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Art

Brazen women re-enact electrifying heroine tales

Too Early for Birds
Mercy Mutisya grabs her fellow caregiver Beatrice (Suki Wanza) in Brazen. PHOTO | MARGARETTA WA GACHERU | NMG 

Maya Angelou was prescient when she wrote the iconic poem Phenomenal Woman in the late seventies. Last weekend at Kenya National Theatre, I saw so many phenomenal women on stage acting and assisting as crew in The Brazen Edition of (the theatre troupe) Too Early for Birds that I thought I’d died and gone to heaven!

Seriously, I have never seen a production that was totally owned, operated, conceived, enacted and embellished all by Kenyan women. (Even men were played by women!)

But that was what the three scriptwriters- Aleya Kassam, Anne Moraa and Laura Ekumbo- achieved together with a tremendous team of exceptional actors, dancers, set designers, technicians, stage manager and director.

But the women did even more than that. Theirs was a performance that not only combined passionate poetry, vigorous dance, and exquisite storytelling with an expansive view of remarkable (and rebellious) Kenyan women who the writers and full cast vowed never to forget.

Those not-to-be forgotten legendary souls included freedom fighters like Field Marshall Muthoni wa Kirima, Mekatilili wa Menza, Wangu wa Makeri, Philomena Chelagat Mutai, Zarina Patel and even one iconoclastic yet nameless woman warrior (possibly Auko) who beguiled, outwitted and then brought down Luanda Magere, the legendary Man of Stone.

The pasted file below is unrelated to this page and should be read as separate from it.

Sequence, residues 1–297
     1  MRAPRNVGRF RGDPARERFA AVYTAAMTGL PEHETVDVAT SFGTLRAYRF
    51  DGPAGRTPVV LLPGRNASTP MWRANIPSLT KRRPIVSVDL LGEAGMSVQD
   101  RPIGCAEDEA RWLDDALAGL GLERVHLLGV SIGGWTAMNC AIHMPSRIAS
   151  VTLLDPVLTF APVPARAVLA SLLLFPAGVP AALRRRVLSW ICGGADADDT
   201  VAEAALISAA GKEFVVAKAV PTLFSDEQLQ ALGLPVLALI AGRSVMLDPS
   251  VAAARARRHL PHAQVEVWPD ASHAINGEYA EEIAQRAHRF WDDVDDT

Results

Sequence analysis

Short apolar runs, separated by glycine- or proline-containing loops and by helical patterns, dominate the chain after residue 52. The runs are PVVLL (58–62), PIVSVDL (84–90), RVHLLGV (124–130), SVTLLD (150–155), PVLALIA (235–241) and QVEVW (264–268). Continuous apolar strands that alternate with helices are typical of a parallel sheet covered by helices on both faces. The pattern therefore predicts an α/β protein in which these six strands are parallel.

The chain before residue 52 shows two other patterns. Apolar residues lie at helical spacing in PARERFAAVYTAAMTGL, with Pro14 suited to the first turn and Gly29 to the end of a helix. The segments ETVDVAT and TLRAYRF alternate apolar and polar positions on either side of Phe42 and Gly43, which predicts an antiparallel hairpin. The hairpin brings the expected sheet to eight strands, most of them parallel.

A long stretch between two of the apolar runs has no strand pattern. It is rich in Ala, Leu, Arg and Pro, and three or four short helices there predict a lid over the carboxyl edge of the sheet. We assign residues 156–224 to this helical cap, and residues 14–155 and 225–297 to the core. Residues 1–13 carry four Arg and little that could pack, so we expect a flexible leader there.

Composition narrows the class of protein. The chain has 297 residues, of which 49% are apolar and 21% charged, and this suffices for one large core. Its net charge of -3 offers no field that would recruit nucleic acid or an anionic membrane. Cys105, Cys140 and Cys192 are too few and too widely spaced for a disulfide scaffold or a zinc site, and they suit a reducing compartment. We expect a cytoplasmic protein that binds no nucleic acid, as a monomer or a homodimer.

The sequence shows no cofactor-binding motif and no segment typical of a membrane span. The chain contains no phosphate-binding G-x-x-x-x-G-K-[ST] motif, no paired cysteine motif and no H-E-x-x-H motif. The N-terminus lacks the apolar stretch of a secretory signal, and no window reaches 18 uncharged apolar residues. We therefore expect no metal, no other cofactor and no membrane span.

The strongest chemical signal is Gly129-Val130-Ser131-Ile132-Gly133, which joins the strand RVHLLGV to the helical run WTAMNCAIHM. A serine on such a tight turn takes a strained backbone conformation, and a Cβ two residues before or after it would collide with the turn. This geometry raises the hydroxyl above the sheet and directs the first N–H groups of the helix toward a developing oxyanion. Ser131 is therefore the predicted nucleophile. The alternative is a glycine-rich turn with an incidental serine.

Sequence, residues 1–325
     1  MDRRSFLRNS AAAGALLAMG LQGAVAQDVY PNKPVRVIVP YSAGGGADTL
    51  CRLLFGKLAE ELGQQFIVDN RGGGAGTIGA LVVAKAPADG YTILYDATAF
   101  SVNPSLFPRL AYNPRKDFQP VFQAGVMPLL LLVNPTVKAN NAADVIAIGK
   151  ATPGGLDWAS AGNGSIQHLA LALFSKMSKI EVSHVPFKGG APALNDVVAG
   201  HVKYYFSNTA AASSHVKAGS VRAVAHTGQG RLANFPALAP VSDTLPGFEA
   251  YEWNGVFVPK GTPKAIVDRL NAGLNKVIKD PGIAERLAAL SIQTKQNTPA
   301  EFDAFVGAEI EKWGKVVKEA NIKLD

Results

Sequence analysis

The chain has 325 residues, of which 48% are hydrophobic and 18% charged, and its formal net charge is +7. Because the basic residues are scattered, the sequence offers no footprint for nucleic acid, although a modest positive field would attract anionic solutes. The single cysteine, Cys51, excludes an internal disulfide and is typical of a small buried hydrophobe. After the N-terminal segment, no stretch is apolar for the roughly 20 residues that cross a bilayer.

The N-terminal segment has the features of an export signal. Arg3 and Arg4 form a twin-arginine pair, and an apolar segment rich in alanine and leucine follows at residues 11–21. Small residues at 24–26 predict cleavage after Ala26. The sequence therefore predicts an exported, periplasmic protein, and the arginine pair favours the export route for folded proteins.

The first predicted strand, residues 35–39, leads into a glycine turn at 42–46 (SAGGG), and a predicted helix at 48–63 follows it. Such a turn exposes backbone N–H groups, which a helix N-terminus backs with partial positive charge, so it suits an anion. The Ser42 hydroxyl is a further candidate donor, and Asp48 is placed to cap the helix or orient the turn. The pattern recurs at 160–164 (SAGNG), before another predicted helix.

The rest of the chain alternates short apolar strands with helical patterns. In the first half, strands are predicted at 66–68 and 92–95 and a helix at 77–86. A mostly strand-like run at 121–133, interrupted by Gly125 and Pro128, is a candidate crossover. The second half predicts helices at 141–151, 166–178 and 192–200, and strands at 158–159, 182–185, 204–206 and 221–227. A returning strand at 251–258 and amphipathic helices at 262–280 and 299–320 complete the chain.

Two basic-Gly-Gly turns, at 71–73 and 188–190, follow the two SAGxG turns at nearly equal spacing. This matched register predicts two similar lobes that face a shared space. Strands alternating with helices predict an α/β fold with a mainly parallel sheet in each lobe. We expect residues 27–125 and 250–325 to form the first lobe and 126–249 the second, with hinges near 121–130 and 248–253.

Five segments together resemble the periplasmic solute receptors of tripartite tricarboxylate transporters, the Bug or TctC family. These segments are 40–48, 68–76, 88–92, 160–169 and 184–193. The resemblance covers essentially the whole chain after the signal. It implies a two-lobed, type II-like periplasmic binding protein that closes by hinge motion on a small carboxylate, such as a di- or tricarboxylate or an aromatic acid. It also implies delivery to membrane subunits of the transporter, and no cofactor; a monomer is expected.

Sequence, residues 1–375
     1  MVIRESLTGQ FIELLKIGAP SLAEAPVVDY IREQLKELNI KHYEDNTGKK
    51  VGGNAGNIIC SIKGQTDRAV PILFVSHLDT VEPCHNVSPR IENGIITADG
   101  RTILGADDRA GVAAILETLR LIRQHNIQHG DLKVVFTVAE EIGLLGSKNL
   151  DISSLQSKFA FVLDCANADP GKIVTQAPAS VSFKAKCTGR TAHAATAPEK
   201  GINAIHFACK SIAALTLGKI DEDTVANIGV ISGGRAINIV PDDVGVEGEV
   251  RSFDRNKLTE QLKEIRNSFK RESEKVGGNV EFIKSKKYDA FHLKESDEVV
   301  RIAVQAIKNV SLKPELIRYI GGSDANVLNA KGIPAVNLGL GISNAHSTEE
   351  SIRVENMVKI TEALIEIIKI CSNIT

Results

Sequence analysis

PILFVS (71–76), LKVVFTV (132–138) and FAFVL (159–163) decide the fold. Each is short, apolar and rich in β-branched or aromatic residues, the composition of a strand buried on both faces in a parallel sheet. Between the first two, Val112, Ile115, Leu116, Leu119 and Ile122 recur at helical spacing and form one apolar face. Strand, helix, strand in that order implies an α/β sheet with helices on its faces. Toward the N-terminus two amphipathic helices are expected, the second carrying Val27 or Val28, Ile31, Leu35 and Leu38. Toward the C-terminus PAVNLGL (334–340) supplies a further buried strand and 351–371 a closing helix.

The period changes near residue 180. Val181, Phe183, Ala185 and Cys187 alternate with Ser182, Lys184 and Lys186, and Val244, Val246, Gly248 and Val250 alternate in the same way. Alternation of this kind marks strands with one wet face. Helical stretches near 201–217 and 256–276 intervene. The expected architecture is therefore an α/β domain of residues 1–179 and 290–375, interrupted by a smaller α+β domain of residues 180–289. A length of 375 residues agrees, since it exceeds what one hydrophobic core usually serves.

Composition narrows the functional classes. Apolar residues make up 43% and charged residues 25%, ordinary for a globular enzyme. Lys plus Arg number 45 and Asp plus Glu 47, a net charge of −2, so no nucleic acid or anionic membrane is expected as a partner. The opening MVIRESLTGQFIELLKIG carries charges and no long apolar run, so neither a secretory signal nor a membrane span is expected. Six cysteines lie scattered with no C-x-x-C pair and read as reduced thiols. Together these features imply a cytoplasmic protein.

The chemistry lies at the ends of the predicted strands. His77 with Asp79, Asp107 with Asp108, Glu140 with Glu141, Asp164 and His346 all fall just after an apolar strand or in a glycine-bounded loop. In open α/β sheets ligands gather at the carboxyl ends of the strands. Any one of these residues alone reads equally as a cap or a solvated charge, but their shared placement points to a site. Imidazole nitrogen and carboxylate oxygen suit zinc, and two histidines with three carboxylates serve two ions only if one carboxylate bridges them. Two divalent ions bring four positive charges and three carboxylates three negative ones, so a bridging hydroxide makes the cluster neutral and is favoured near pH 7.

Yet it was equally the way each of their heroic stories were told by a room-full of awesome storytellers and then reenacted by Legends (Nyokabi Macharia), assisted by Anne Moraa (playing men with gutsy gusto) that made Brazen such an important, unprecedented and inspirational show.

Their stories were framed within the memories of the Cucu (Sitawa Nambalie), her care-givers Beatrice (Suki Wanza Nyadawa) and Bosi (Mercy Mbithe Mutisya) and her one-time women’s history students, all of whom huddled around their retired, revered and very wise history professor. Then together, they vividly revived and dramatised these courageous female freedom fighters’ lives.

Employing theatrical devices that worked remarkably well, the scenes flowed seamlessly (apart from one brief lapse after the GQ Dancers revved us up at the outset). Director Wanjiku Mwawuganga made excellent use of the massive National Theatre stage as one side was made over into a cosy sitting room for Cucu and her adoring entourage. The other was where history (or rather herstory) was reenacted before our eyes as their stories were first told in turn by Cucu and her flamboyant former students and then the attention would turn toLegend’s re-enactment of our heroines’ incredible lives.

The genius of keeping the infinitely talented Nyokabi in the role of Legends meant that she became a kind of shape-shifter, enacting practically all our historic heroines. She first dramatised the story of Mekatilili who led the Mijikenda against the British coloniser defying stereotypes associated with gender, age, intellect and strategic leadership.

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